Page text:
Alecks P. Pabico

ALECKS is the Head of the newly formed Multimedia Desk of the PCIJ. Previously he was the Center’s online manager and doubled as assistant to the Training Director.

As multimedia director, he is responsible for overseeing output — content and form — of the PCIJ Web portal and its subsidiary sites (main organizational site, blog, database site, etc.), ensuring editorial integrity and high quality across multimedia platforms.

Alecks’s present work expands on his tasks as online manager, when he was mainly responsible for the design and maintenance of the PCIJ website — www.pcij.org — since 1996, i-site.ph, the Center’s information site on Philippine politics and government, and recently Inside PCIJ, the Center’s institutional blog (pcij.org/blog) — named the best news and media blog at the 2007 Philippine Blog Awards in March.

As online manager, he also served as the administrator of PCIJ-maintained electronic lists for local and foreign journalists, including a regional newsgroup on access to information in Southeast Asia.

As journalism trainer, he has trained scores of local and Southeast Asian journalists, journalism educators and campus writers in the areas of investigative reporting, computer-assisted journalism, newspaper and web design, blogging, and digital audio editing.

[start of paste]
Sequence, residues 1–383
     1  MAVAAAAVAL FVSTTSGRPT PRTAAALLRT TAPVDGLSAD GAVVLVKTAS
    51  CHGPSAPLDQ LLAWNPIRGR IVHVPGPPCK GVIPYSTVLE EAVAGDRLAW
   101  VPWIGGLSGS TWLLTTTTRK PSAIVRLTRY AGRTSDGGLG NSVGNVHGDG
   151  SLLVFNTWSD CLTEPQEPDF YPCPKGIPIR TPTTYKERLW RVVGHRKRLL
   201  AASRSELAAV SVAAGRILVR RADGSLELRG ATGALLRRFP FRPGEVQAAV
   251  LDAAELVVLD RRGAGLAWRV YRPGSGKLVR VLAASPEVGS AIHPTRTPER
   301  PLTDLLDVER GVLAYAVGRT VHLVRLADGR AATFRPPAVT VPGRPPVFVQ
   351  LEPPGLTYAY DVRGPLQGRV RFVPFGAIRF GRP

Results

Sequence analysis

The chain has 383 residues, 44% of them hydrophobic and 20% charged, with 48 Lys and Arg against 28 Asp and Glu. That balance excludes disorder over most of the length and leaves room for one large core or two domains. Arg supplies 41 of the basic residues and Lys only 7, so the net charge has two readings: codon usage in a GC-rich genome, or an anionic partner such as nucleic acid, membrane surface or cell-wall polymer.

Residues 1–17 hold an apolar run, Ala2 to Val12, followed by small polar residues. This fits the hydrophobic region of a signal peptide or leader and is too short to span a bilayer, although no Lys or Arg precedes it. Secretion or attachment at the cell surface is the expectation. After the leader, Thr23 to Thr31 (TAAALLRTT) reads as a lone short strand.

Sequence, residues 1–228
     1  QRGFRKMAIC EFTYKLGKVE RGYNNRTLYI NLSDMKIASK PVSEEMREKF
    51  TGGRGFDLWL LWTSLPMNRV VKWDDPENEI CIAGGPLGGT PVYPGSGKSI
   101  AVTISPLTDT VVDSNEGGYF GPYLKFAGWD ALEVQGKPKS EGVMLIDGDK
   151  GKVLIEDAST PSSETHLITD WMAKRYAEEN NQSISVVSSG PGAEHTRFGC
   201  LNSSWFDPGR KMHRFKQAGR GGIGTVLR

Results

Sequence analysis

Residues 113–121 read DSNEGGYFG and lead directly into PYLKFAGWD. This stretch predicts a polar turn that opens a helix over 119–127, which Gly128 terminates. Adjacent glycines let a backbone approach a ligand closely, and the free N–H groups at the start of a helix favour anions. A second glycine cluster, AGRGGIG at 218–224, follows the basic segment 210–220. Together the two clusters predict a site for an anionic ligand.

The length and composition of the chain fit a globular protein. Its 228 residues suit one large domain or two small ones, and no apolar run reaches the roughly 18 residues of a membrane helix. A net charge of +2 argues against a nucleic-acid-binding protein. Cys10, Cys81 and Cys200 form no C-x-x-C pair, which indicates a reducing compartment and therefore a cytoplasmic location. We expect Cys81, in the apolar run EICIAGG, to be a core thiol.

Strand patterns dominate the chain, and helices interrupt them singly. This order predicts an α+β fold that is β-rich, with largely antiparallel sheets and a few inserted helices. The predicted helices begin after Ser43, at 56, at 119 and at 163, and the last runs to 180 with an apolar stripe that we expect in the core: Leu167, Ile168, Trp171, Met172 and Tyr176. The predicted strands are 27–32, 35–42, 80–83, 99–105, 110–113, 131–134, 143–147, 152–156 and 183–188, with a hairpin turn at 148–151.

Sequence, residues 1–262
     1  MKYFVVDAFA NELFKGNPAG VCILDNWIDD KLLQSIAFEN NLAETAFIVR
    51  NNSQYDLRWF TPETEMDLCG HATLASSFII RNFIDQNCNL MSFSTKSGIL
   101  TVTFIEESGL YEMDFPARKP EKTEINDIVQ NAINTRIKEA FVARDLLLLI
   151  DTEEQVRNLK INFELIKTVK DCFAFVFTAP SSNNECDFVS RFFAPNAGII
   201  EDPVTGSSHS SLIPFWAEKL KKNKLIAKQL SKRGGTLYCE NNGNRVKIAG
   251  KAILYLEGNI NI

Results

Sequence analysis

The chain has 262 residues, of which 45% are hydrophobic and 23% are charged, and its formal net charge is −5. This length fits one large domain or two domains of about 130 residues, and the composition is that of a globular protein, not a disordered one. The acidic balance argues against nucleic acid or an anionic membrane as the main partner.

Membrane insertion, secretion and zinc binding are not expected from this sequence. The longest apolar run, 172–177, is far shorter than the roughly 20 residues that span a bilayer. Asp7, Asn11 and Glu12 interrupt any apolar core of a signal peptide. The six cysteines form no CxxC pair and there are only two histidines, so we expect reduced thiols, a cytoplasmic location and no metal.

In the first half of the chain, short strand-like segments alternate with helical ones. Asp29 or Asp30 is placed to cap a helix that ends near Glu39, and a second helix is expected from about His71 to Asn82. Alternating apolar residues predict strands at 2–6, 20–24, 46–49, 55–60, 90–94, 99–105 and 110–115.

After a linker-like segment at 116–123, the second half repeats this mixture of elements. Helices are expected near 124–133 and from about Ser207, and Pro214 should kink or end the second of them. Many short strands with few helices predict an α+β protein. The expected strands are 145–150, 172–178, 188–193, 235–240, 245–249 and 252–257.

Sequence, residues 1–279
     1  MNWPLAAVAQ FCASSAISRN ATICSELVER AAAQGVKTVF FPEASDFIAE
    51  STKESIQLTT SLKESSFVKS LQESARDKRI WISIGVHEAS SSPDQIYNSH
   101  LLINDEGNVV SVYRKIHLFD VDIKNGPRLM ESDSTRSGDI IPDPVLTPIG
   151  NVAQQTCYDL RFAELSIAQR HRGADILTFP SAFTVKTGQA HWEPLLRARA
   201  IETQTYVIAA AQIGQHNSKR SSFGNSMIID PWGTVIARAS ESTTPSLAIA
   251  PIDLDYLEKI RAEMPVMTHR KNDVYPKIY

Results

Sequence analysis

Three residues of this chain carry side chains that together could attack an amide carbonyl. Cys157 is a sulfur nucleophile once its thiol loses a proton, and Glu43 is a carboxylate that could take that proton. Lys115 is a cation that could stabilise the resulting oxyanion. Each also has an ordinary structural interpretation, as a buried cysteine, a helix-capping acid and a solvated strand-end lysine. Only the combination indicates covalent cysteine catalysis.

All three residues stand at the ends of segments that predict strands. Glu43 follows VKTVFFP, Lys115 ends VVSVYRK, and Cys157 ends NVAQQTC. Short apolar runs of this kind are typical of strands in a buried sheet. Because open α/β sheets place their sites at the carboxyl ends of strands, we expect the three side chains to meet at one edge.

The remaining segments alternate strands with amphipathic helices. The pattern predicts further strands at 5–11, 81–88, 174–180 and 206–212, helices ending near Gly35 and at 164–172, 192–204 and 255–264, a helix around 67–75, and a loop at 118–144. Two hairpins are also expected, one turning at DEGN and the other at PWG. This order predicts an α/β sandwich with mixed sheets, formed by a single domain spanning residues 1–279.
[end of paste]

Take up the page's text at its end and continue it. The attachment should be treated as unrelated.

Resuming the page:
He also writes investigative reports for newspapers and TV, as well as regular articles for the Center’s investigative reporting magazine, i Report (now online and monthly), and the PCIJ blog.

Alecks has done a number of investigative reports on pressing social and environmental concerns, such as agrarian reform, working women, drug offenders, migrant workers, the rights of indigenous peoples, harmful aquaculture operations and the plight of Filipino seafarers. He won third prize in the 3rd Louie R. Prieto Journalism Awards in 1999 for his report on the plight of the country’s indigenous peoples titled “One Year After: Landmark Law on Indigenous Peoples Hits a Dead End.”

He won in the 2nd PopDev Media Awards last December for a blog post on the health situation at the Southville Housing Project, a relocation site for railway settlers, which was cited as best online opinion writing tackling population and development issues.

He was one of ten Southeast Asian journalists who were awarded the Southeast Asian Press Alliance (SEAPA) journalism fellowship in 2004, which brought him to Cambodia to report on the kingdom’s emerging information society.

Alecks was the editor in chief of the Philippine Collegian of the University of the Philippines during the 1991-’92 term. He was also the first editor of the Arkiglyphics, the student publication of the College of Architecture in U.P. Diliman.